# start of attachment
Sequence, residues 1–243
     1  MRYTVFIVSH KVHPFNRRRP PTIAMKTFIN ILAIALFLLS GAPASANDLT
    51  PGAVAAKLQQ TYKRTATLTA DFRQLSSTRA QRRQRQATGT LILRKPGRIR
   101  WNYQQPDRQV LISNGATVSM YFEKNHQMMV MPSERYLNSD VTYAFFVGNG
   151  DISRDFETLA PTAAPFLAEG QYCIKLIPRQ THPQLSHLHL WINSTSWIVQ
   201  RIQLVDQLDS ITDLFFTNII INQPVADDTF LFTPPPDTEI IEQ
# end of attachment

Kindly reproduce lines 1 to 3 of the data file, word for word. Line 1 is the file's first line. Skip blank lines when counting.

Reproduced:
Sequence, residues 1–243
     1  MRYTVFIVSH KVHPFNRRRP PTIAMKTFIN ILAIALFLLS GAPASANDLT
    51  PGAVAAKLQQ TYKRTATLTA DFRQLSSTRA QRRQRQATGT LILRKPGRIR